We want to go to Carpenter’s Ranch. They’ve been growing hops since 1868 — for those of you keeping track, no, Washington’s not yet a state — and the farm is still very much a family operation. “There were uncles and cousins and brothers and sisters and second cousins and family dogs everywhere!” Jimmy enthuses.
Tyler, a 7th generation hops farmer, took over two hours with our guys, on an in-depth tour of the plant and some of their fields. Carpenter has a patented means of removing the hop bines in the field. Most farms cut the bines and supports at the bottom of the bine, then a combine comes through, cuts the top, and throws the whole bine in the back for processing. At Carpenter, they run the bine through a specialized circular blade that cuts off all of the foliage and spits out the thick bine, making processing much easier. Then, they travel across many shaker tables and belts and pickers, until only the hop cones are left. From there, they’re dried out and sent to a baler, where they’re wrapped into 200-pound, 4’x2’x2’ gigantic bales of hops.
Next, Tyler showed them some experimental varieties they’re trialing. “The hope is that they become the next Citra or Simcoe or Amarillo,” Jimmy says, but right now, they’re just numbered varieties. “I’m very excited for these. Some of them were huge cones with a ton of lupulin glands; usually a very large cone means very little in the way of lupulin glands. They were a touch dank, but had a nice spiciness to them and a lemony citrus. I think they’d be great in a Saison or an Americanized Kolsch.
“Seeing the farms and meeting the farmers and having a detailed view of the processing and pelletizing plants was very informative, and has given me a new appreciation for the process as well as the people involved in harvesting the hops and getting them to us,” Jimmy says. “They’re just as passionate about what they do as we are about brewing, maybe even more so!”
With all this traveling and walking through plants and traipsing through 150-year-old farms, you’d think our guys worked up a thirst, no?
Of course they did!
However, according to Jimmy, there are surprisingly few breweries in Yakima, but there are some great bars with huge selections. Jimmy loved getting back to his roots — having grown up in the Pacific Northwest, is it any wonder he became a brewer?
The only brewery they visited was Bale Breaker Brewing Company, just outside of town. Of course, they grow their own hops. “The President and Owner Meghann Quinn was a great host and showed us their impressive facility,” Ryan says. The guys got to talk shop with the Brewmaster, Kevin Smith, and the Head Cellarman.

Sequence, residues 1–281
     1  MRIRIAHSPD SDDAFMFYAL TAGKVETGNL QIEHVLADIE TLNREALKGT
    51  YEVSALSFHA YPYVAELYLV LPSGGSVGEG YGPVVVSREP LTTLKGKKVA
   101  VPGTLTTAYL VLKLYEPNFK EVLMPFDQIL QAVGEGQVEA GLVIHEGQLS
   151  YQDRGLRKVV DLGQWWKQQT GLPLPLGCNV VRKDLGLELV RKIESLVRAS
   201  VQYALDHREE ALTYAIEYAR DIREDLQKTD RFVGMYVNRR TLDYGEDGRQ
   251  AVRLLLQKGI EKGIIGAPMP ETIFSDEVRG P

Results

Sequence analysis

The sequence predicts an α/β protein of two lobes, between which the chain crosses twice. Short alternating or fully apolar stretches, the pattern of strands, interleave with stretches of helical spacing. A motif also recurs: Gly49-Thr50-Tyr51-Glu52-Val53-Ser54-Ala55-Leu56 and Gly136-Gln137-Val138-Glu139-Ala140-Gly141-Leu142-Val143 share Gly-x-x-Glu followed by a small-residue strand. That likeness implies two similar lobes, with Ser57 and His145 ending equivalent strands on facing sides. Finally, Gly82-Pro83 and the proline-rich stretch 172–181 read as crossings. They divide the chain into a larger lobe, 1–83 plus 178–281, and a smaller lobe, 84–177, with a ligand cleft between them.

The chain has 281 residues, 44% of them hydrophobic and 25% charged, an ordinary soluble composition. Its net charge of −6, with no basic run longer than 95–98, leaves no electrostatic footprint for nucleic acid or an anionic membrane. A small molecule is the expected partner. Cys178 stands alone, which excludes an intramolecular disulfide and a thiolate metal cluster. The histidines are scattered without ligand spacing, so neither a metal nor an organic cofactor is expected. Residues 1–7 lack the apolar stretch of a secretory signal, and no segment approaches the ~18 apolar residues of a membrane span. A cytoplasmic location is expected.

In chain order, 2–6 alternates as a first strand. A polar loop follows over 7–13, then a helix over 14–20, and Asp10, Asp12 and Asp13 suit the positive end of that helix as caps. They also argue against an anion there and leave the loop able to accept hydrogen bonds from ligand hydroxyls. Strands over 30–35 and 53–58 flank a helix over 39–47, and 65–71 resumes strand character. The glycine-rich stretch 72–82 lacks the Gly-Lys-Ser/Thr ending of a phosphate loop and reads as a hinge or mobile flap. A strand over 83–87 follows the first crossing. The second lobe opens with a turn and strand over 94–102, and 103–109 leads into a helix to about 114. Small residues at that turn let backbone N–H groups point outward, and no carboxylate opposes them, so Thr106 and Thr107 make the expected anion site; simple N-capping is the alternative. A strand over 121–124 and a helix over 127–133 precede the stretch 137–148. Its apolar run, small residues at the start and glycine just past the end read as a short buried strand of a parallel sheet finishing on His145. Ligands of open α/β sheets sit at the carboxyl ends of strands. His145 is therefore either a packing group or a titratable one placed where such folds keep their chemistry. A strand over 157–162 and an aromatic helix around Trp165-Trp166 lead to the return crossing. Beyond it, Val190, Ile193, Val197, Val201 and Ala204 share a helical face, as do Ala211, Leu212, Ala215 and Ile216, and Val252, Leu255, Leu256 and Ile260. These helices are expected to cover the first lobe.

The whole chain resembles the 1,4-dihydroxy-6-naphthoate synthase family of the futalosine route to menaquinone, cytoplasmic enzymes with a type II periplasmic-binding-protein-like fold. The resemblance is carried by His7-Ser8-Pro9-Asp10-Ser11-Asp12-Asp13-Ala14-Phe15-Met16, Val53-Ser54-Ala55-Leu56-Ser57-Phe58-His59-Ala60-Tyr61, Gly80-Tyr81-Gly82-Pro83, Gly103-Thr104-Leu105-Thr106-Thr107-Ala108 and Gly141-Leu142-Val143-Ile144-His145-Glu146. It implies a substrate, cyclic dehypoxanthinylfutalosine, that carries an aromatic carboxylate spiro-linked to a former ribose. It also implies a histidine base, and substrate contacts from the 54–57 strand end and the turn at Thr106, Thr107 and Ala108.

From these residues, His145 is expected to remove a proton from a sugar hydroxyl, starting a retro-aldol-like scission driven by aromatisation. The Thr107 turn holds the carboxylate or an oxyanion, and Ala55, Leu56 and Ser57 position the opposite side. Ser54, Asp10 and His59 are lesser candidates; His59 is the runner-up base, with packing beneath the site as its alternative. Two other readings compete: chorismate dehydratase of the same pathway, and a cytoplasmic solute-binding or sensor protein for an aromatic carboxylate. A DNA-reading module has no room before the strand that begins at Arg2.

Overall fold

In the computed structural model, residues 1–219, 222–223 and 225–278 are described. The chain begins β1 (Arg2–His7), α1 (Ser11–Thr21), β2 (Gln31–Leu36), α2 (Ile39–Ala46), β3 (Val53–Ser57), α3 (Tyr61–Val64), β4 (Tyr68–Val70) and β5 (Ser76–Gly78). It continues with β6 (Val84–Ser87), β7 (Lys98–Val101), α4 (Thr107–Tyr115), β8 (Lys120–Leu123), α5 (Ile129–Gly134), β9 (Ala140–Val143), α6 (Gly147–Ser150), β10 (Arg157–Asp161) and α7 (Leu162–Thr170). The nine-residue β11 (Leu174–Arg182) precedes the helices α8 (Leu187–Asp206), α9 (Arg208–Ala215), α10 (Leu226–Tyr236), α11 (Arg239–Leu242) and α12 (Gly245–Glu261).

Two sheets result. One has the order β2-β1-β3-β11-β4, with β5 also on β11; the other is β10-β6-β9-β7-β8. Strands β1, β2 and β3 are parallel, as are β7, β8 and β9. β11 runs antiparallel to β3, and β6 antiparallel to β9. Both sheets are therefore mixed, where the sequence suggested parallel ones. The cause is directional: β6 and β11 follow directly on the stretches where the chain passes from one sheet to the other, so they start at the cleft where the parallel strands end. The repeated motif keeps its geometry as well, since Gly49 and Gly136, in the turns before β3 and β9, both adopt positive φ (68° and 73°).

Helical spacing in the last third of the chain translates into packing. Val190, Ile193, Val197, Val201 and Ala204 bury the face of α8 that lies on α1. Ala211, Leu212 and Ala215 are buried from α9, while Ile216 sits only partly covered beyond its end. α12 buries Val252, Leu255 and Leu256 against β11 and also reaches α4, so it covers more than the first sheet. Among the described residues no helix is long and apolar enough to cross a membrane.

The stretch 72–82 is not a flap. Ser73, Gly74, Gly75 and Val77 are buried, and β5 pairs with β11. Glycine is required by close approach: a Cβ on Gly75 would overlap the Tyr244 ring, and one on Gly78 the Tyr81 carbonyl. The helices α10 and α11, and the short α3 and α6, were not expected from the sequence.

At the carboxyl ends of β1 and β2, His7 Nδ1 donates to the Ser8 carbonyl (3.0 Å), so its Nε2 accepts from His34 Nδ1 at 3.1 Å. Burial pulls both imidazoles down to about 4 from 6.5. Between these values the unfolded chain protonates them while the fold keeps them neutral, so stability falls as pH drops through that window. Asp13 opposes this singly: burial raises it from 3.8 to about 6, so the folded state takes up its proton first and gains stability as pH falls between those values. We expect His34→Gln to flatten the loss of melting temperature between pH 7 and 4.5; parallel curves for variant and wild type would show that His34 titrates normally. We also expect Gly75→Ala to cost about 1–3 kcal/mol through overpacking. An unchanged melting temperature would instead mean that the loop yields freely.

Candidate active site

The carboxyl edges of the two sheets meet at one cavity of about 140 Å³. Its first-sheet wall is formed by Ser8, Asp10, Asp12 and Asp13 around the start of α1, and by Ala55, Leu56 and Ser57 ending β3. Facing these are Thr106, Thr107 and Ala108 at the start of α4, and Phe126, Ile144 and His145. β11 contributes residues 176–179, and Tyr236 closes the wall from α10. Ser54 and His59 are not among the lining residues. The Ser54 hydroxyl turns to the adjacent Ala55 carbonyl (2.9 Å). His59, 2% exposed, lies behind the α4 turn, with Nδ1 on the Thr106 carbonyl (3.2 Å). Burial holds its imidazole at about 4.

Unsurprisingly, “all their beers are hop-bombs,” Jimmy says, “but very good.” Ryan was a big fan of their Bottomcutter Double IPA and their Topcutter IPA.
“It was definitely an IPA kinda week!” Jimmy says.
The guys will be back at work soon, exhausted from their trip, but with wonderful ideas for what they’ve learned. The Yakima Valley has opened up for them, and, ultimately, for you, dear beer drinker. The bounties of the region are for your pleasure, and we’ll keep bringing the best of Washington all the way home to Cape May.
Fall’s a-brewin’ and so are we. But, really, that should come as no surprise. It’s kinda why we’re here. If we weren’t, we’d probably have to change our name.
But we’ve got a superior brew coming up for autumn — something that combines two of your favorite brewed beverages: beer and coffee.
And it’s not just any coffee we’re using. You know of our penchant for sourcing locally, right? Any time we can, we like to support our local businesses — and we’re pretty lucky to have some of the greatest coffee being roasted right up the street at Avalon Coffee.
We’re using their house roast: a blend of 100% Arabica Costa Rican, Kenya AA and Colombian Supremo beans. It’s not just for breakfast anymore!
Head Brewer Brian Hink — in addition to being a genius in the brewhouse — spent fifteen years in the coffee biz, so this is kind of a match made in sweet-aroma’d heaven.
The combination of coffee with a hearty stout is perfection in a glass. “The soft cocoa notes from the Latin American portion paired with the bright and juicy aspects of the Kenya makes it the perfect blend of beans,” he tells us, “wonderfully suited for our full-bodied and roasty stout.”
The really cool thing? The coffee ends up retaining all the caffeine it would have if you were to use it to make… well… coffee. We’re “dry-coffee-ing” the brew — pretty much the same process as dry-hopping a beer. So, we’ll end up pulling all the caffeine, but we’re not using the same amount of grounds that we would if we were brewing multiple barrels of coffee, so it won’t be quite as strong.
“At the ratio we used, you’re getting about a third of a cup of coffee per eight ounces of beer,” Brian says, “which comes out to around 60 milligrams of caffeine per pint of beer.” Still quite a bit of caffeine, “so it’s not recommended for pregnant women or people with heart conditions.” Who probably shouldn’t be drinking beer, anyway.